- Spain also grants16 days but reduces salary to 60% of what it is originally. Most companies will also offer up to 20 days at 60%. However, from the 21st day and up to 12 months, employees can earn up to 75% of their original salary.
- Sweden allows for the first 14 days of a longer-term sick leave to be taken at 80% of salary. If still ill, employees can take up to 364 days over a 15-month period at 80% of their salary. In extreme cases, an extension of up to 550 days is possible at 75% of tax. Interestingly, for more serious illnesses, no formal maximum is determined. Therefore employees may be on leave for multiple years at 70% of their salary. This is possibly the most generous national sick leave policy.
- Switzerland grants 3 fully paid weeks of sick leave.
- The United Kingdom gives employees up to 28 weeks. If still ill, 13 weeks of what’s called an “assessment phase” can be used to monitor the person’s condition. Afterward, additional periods of leave can be determined.
Last, And Also Least: The United States
- Finally, the United States is the only industrialized nation in the world that does not offer a comprehensive leave policy at the government level. The same goes for important policies such as maternity and paternity leave as well.
A conservative estimate states that 20 million Americans make it out of their beds and into work on days that they are not feeling well. The main reason for this type of behavior is simply because they do not have paid sick leave.
Why Sick Leave Policy Matters
You wouldn’t want anyone with COVID-19 to be coming into your workplace, would you? Well, then you should have a solid sick leave policy!
Even when the whole world is not overreacting or under-reacting about the coronavirus, sick leave can often be an important concern for workers. Yet, we might not fully understand why it really matters to have a detailed sick leave policy written up for your organization.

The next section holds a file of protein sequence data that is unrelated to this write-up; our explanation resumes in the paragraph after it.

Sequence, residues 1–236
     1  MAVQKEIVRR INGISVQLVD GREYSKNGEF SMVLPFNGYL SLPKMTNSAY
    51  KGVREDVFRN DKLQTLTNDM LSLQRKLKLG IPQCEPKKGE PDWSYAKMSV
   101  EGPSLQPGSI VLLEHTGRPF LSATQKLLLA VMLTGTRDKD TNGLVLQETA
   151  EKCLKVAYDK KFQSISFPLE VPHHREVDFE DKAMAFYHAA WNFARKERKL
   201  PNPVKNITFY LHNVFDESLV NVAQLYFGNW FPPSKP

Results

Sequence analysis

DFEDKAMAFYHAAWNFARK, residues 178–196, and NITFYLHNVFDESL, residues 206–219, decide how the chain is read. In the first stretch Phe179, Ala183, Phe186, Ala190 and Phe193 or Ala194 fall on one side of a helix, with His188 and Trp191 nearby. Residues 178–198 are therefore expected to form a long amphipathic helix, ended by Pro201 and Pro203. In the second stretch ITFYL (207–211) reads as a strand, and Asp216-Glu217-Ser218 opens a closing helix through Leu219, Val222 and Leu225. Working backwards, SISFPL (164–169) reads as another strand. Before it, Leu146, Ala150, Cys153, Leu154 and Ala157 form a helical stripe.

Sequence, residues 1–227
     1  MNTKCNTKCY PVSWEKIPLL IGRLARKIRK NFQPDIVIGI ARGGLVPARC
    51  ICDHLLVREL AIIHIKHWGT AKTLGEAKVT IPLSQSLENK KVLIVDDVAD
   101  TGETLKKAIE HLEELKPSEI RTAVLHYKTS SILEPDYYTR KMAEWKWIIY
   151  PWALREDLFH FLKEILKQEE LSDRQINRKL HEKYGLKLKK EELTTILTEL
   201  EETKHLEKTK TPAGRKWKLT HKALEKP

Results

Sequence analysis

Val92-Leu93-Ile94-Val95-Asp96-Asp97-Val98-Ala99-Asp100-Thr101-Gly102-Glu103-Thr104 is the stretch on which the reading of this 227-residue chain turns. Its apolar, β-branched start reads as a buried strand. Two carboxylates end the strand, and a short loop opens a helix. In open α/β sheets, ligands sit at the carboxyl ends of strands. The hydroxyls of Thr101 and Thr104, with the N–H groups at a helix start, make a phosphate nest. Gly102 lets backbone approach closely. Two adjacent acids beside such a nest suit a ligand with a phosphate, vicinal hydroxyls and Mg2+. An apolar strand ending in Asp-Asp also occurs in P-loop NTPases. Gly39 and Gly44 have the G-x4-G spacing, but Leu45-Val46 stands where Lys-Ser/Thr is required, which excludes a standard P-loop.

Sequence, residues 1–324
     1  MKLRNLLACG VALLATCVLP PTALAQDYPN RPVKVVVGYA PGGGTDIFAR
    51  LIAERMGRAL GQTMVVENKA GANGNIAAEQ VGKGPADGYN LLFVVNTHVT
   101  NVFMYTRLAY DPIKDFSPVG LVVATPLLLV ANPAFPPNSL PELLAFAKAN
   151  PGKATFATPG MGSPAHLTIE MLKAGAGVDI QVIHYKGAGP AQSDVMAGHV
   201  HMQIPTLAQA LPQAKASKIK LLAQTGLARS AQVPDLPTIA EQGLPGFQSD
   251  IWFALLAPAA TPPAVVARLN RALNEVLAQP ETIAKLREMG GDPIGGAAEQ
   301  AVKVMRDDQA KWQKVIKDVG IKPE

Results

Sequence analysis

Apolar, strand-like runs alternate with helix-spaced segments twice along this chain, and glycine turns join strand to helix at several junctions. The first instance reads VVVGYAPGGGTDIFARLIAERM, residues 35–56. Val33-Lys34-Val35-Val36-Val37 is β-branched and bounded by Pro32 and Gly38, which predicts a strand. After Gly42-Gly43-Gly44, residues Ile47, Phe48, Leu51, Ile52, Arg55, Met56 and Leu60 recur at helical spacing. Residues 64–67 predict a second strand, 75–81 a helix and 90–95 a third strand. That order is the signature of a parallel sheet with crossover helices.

When a company has no policy for taking paid time off for illnesses, employees might continue to work while they are sick simply because they can’t afford to! This can be a risk. It’s not only a risk to these sick employees, but also to everyone that shares a workspace with them.
In fact, research quoted as part of the nationwide study reflected above indicates that it’s important to allow employees the proper amount of sick leave. A few days of sick leave could be the difference between a small illness turning into something severe.
As previously stated, a working employee can spread an infectious illness in the workplace. This spread can happen with the shake of a hand, with the touch of a doorknob or coffee pot, or printer. If the contagious employee touches any surface, germs are likely to spread. No matter how often you use Purell sanitizer, even being really careful is not enough for air-borne illnesses.
Overall, it is generally recommended that people who are sick or might be contagious stay home. If your policy doesn’t grand at least a few courtesy days, employees will feel the pressure of coming in, and will therefore be putting their colleagues at risk.
Working Remotely Could Be The Answer
Therefore, it seems inevitable that a sick employee could infect others. This could cause a chain reaction that leads to your whole team being out of the office. That could mean serious impacts on projects and deliverables.
What if there could be another solution?
If you have been campaigning for remote work, then the outbreak of the coronavirus might not seem all that negative to you!
With this current outbreak of Coronavirus, public health officials have been recommending that adults stay home from work and that children stay home from school. In many cases, these measures are purely preventative. Therefore, many companies have made it possible for employees to work from home.
However, this could be the answer for the parent of a sick child. Yet, if a working adult is affected by a serious illness, it will not be possible for them to work at all. That is why, although offering the option of remote might be nice, it does not replace a robust sick leave policy.